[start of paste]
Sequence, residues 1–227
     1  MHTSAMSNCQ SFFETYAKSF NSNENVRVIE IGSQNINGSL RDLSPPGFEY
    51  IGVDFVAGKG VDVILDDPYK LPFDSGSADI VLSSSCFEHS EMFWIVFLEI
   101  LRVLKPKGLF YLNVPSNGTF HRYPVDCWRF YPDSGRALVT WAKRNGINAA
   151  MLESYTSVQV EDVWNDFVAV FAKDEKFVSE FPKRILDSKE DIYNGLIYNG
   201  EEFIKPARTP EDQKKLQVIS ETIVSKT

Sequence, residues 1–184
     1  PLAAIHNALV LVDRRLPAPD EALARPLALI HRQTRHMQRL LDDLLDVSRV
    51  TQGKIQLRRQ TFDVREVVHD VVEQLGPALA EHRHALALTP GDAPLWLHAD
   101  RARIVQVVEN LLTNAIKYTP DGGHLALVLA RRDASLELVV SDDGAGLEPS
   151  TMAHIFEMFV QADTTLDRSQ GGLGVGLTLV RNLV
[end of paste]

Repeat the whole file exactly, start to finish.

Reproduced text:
Sequence, residues 1–227
     1  MHTSAMSNCQ SFFETYAKSF NSNENVRVIE IGSQNINGSL RDLSPPGFEY
    51  IGVDFVAGKG VDVILDDPYK LPFDSGSADI VLSSSCFEHS EMFWIVFLEI
   101  LRVLKPKGLF YLNVPSNGTF HRYPVDCWRF YPDSGRALVT WAKRNGINAA
   151  MLESYTSVQV EDVWNDFVAV FAKDEKFVSE FPKRILDSKE DIYNGLIYNG
   201  EEFIKPARTP EDQKKLQVIS ETIVSKT

Sequence, residues 1–184
     1  PLAAIHNALV LVDRRLPAPD EALARPLALI HRQTRHMQRL LDDLLDVSRV
    51  TQGKIQLRRQ TFDVREVVHD VVEQLGPALA EHRHALALTP GDAPLWLHAD
   101  RARIVQVVEN LLTNAIKYTP DGGHLALVLA RRDASLELVV SDDGAGLEPS
   151  TMAHIFEMFV QADTTLDRSQ GGLGVGLTLV RNLV